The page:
It might well be argued that Philo is using a very ancient Pythagorean source text which used an archaic alphabet.  However it is difficult to avoid seeing an uncanny resemblance to the common Marcian source text and its interest in the equally archaic episimon. The Greek wau (or digamma, so called after a shape suggestive of gamma) takes its morphology from that of the symbol that precedes it in the alphabetic order, namely Greek epsilon, . The non-Phoenician shape of Greek wau can be seen in the very earliest examples of Greek writing: one would thus suspect that the form of wau is the consequence of intentional morphological deformation on the part of the adapters rather than the outcome of some evolutionary process.[9]

To this end, Philo's arguments likely derive from an extremely early Pythagorean source which commented on the archaic letters of the alphabet where 'morphological deformation' appeared.  To this end what isn't said in the argument that follows - i.e. the transformation of 'wine' to 'vinegar' by letter substitution - is the fact that Οινος (Oinos) - Wine, and Οξος (Oxos) - Vinegar both have a shared numerological value of 400.   In other words, primitive gematria would have been used to reinforce that the underlying 'substance' was not subject to change.[10]  Philo's comments in what follow reinforce this understanding - i.e. that nothing in this example suggests that "anything is added to the world so as to cause its destruction."[11]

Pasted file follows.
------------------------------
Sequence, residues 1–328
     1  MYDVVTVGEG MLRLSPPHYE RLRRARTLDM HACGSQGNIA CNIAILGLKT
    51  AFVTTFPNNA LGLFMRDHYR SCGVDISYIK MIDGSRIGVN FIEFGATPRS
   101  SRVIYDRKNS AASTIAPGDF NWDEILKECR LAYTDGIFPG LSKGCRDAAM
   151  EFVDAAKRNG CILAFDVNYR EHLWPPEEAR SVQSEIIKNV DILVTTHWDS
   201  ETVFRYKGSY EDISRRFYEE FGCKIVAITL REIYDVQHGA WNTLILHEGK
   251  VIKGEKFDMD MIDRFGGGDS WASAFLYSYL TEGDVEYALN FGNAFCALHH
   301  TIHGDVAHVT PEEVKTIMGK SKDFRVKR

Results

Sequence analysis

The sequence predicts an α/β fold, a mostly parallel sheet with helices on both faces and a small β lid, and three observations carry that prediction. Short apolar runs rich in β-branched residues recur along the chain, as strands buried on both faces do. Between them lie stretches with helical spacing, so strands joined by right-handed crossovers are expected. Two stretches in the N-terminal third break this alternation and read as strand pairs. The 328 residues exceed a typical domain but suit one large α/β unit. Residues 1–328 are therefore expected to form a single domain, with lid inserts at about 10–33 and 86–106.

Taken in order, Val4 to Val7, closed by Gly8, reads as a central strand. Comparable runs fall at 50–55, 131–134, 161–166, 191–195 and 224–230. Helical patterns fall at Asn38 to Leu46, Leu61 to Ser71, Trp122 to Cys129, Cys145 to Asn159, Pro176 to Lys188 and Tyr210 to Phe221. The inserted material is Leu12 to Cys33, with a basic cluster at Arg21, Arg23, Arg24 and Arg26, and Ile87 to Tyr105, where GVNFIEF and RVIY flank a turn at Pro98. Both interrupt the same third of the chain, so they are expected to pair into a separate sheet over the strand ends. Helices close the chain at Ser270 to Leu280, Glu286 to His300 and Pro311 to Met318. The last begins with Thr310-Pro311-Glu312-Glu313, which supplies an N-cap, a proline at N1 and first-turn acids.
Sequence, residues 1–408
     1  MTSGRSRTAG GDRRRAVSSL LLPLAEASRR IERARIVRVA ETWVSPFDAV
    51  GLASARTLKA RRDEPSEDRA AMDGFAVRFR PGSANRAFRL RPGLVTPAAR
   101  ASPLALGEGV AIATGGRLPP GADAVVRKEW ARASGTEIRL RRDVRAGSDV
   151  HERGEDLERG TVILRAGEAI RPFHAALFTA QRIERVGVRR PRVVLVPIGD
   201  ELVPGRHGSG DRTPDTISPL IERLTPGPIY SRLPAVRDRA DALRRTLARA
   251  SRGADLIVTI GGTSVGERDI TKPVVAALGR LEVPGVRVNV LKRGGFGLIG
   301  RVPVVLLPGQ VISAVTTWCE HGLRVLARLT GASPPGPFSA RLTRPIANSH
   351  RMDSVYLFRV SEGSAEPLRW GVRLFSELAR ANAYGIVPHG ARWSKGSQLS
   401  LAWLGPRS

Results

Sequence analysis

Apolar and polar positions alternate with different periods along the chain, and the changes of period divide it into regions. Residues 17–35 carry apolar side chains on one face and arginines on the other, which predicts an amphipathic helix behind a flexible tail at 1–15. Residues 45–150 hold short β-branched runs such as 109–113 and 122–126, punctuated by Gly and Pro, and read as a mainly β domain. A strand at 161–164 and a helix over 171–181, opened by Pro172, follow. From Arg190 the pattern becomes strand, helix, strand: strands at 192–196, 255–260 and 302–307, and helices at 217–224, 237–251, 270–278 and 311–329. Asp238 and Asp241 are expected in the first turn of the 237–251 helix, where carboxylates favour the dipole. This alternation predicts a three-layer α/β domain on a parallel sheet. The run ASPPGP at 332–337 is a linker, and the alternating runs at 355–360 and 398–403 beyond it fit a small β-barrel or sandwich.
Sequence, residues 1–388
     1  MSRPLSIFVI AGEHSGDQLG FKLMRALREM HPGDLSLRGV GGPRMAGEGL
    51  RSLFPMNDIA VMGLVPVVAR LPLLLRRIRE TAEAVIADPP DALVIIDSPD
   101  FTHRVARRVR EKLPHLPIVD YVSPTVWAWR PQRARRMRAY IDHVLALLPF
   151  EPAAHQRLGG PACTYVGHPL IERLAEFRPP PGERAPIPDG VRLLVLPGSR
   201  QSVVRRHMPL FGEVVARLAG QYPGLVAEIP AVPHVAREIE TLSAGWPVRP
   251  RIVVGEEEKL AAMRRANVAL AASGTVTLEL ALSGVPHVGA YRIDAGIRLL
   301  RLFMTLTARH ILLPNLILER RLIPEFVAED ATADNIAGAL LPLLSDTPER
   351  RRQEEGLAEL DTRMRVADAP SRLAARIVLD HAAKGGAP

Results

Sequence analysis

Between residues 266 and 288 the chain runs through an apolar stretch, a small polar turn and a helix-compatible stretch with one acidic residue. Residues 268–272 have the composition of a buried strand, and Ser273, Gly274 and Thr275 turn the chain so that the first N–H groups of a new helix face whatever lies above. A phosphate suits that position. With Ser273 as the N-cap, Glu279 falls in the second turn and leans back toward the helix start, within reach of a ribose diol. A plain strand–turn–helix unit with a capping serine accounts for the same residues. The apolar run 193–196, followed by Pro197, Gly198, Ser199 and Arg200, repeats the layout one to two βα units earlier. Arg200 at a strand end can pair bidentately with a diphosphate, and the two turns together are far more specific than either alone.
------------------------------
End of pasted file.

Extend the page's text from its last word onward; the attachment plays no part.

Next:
What is clear however is that the Marcian system shared by Clement is unquestionably related to this system given that it is rooted in the presence of the archaic episemon being 'added' back to the alphabet to restore order.[12]  Clement speaks of Jesus as the 'invisible' episemon in the Transfiguration narrative with the Marcian tradition reported by Irenaeus.  But his direct retelling of the tradition - as opposed to Irenaeus's malicious efforts - stand much closer to what we see preserved in Philo.  As he notes Jesus was:

indicated by the sixth (ἐπίσημος) conspicuously marked (φανῇ), becoming the eighth, might appear to be God in a body of flesh, by displaying His power, being numbered indeed as a man, but being concealed as to who He was. For six (ὁ ἕξ)  is reckoned in the order of numbers, but the succession of the letters acknowledges the character which is not written (τῶν στοιχείων ἀκολουθία ἐπίσημον γνωρίζει τὸ μὴ γραφόμενον). In this case, in the numbers themselves, each unit is preserved in its order up to seven and eight. But in the number of the characters, Zeta (τὸ ζῆτα) becomes six and Eta (τὸ η) seven. And the character having somehow slipped into writing, should we follow it out thus, the seven became six (τῶν στοιχείων ἀριθμὸν ἕκτον γίνεται), and the eight seven. Wherefore also man is said to have been made on the sixth day, who became faithful to Him who is the sign (τῷ ἐπισήμῳ), so as straightway to receive the rest of the Lord's inheritance. Some such thing also is indicated by the sixth hour in the scheme of salvation, in which man was perfected. Further, of the eight, the intermediates are seven; and of the seven, the intervals are shown to be six. For that is another ground, in which seven glorifies eight, and "the heavens declare to the heavens the glory of God." [ - 141.4]